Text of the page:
Last night my good friend, Susan Grimaldi, came to my class, bringing stories from her life as a Choctaw shaman, and new ethnographic video from her work in Mongolia. Lucky students were able to engage in conversation with a highly respected shaman who has, over the past twenty years, conducted groundbreaking work with remote shamans in China and Mongolia, and has, at their request, shared their knowledge and experiences with others throughout the Americas.
One of the shamans Susan interviewed conducted a ceremony that aimed to begin to heal the relationship between the Earth and the Moon. This shaman perceived that space junk, the metal remaining from orbital rocketry, was disturbing this important relationship. After the ceremony he noted that while his ceremony was important, it was crucial that shamans and healers around the world also conduct ceremony to support the healing. He stated emphatically that the efforts of one person, no matter how powerful, was simply not enough.
There are two ideas implicit in the shaman’s request that we who live in Western culture might find difficult. One is the concept that space junk might damage the relationship between the Moon and the Earth. We might agree there is a large debris field circling the Earth, and that the field is a serious risk to space craft. Yet, I suspect most of us would be hesitant to imagine that the junk might somehow distort the relationship between celestial bodies. The idea that the debris from previous launches might have a real, if unanticipated, effect on our lives may seem nonsensical to the Western mind, even as it makes sense to the Indigenous mind, a cultural frame in which everything is aware and interwoven.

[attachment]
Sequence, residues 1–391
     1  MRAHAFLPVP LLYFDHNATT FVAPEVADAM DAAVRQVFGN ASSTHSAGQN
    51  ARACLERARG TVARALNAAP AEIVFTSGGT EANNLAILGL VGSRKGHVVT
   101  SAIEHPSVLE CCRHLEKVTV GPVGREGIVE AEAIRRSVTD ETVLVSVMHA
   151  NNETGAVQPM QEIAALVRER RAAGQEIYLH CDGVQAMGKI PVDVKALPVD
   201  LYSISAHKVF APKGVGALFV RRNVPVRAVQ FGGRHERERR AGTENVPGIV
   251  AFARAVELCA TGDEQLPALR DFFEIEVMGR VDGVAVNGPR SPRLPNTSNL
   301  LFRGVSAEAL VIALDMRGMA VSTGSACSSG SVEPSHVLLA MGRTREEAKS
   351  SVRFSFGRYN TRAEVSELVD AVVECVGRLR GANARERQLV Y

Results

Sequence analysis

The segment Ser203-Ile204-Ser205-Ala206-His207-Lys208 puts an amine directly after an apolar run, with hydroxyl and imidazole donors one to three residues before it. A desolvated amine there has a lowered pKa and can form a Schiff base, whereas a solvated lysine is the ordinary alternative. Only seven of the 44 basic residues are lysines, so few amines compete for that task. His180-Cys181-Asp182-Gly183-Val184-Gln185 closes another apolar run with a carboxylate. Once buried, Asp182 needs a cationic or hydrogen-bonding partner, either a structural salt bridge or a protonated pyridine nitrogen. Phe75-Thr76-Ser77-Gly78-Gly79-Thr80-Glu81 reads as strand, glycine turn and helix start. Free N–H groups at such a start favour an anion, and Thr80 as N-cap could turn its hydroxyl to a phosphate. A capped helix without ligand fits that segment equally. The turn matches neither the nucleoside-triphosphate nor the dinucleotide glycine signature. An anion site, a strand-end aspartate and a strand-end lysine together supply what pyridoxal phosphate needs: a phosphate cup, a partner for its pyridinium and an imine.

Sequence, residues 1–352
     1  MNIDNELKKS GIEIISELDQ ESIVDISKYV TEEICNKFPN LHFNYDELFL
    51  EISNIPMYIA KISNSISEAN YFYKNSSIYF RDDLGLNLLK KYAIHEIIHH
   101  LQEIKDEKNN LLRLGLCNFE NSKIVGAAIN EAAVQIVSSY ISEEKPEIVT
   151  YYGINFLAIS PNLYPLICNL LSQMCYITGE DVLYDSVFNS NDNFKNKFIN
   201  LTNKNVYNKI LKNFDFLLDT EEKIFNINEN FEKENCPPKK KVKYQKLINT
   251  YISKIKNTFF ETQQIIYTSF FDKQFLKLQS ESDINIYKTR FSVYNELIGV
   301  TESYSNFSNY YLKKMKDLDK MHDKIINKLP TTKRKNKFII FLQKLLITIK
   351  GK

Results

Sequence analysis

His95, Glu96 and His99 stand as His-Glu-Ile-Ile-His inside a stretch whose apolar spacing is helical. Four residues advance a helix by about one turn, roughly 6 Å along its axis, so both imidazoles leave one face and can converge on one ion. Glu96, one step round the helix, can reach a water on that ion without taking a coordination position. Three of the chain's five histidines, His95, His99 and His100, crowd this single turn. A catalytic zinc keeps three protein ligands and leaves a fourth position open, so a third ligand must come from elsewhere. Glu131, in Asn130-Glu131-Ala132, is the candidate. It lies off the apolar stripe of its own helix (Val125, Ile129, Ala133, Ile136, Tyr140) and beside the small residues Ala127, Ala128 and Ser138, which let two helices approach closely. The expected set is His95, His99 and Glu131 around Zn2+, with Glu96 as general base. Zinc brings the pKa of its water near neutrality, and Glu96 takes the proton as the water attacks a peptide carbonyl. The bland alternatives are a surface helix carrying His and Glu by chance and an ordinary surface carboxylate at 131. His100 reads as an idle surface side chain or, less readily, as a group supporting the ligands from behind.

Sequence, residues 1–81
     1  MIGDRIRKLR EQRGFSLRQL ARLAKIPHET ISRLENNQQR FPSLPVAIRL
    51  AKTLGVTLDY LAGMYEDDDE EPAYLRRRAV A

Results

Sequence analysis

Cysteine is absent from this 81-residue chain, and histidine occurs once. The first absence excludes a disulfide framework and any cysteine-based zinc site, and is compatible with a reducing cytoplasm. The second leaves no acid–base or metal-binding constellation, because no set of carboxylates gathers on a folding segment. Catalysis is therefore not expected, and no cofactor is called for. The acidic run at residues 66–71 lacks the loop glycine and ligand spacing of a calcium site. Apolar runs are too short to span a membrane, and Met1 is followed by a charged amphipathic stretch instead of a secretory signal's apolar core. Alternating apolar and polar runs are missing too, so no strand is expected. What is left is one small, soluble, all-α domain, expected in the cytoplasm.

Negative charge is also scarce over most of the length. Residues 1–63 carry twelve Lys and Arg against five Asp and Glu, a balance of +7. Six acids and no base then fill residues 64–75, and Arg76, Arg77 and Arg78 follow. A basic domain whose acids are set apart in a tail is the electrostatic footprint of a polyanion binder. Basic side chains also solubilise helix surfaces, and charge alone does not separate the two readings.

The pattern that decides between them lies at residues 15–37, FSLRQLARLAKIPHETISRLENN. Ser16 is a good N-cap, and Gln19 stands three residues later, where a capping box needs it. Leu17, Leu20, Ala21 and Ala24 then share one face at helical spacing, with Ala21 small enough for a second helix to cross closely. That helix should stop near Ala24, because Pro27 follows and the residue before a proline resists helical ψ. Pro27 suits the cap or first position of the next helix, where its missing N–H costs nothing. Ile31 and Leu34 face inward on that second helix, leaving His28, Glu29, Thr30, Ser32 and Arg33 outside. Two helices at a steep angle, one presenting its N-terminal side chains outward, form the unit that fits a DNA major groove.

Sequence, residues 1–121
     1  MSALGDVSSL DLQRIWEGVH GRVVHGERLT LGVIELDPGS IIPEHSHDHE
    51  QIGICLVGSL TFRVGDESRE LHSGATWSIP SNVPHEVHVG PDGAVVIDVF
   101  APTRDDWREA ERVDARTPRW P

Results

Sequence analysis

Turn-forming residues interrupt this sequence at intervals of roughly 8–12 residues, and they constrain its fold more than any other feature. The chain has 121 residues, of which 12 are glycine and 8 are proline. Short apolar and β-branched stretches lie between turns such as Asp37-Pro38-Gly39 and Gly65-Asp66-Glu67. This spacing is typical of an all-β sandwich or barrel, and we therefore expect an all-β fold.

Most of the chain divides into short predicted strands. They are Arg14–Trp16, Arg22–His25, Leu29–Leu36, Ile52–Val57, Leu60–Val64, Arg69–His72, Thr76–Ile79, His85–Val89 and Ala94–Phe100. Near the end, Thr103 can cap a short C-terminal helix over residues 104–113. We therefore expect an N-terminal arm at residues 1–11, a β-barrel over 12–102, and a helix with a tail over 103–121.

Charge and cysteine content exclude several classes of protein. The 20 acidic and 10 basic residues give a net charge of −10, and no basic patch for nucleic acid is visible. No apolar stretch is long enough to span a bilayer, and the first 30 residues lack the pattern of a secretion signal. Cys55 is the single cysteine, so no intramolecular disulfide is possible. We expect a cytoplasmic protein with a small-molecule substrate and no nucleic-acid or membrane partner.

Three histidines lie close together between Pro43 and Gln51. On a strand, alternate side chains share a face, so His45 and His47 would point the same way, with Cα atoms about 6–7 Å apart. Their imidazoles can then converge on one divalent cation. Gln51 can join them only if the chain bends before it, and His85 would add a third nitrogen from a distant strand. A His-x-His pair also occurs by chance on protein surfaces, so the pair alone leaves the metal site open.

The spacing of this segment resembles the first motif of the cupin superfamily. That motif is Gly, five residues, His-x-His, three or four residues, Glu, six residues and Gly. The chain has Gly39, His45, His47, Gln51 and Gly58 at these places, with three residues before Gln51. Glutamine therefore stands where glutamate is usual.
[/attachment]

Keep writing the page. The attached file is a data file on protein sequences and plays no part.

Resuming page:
The other disconcerting idea is the belief that we must all work together to repair damaged relationships. This is everyday knowledge in tribal culture, and yet may seem alien to many of those living contemporary Western lives. Still, there are so many problems that demand collaborative action. How are we to rapidly find cures to devastating illnesses, repair the environment, or update dilapidated infrastructure if we refuse to address these issues together? During my lifetime, we, in the U.S., have faced numerous challenges (Polio, the pace race, AIDS, environmental collapse, to name a few), and drawn together to do whatever was needed to address them. Disturbingly, there now appears to be a lack of willingness to share in the hard work and significant sacrifices required to repair our lived world.
I imagine most folks believe Indigenous ways of knowing mostly disappeared in the last century, the natural outcome of competition with materialist views. Yet, Indigenous understandings of the world are alive and well, in remote villages and urban centers. They remain, and even thrive, everywhere Indigenous people gather. They continue because they fit the Indigenous experience of life and world.
Listening to Susan, I became aware that I much prefer living in a world filled with consciousness and intent, a landscape in which relationships are fundamental and Mystery abounds. The Indigenous view of the world insists that all actions are more complex than we imagine, and are accompanied by unanticipated consequences, good and bad. In the Indigenous world all actions are fraught with moral implications requiring deliberation and, often, reparation. Of course, this world requires a great deal of upkeep; relationships are like that, are they not? The reward is immense and persistent joy.
As I write I am reminded of my encounter with C.P. Snow’s Two Cultures in high school. He envisioned a cultural divide between the arts and humanities, and science, a chasm reinforced by language and discipline related practices. I wonder what he would make of the even greater cultural divide between materialism and Indigenous knowledge.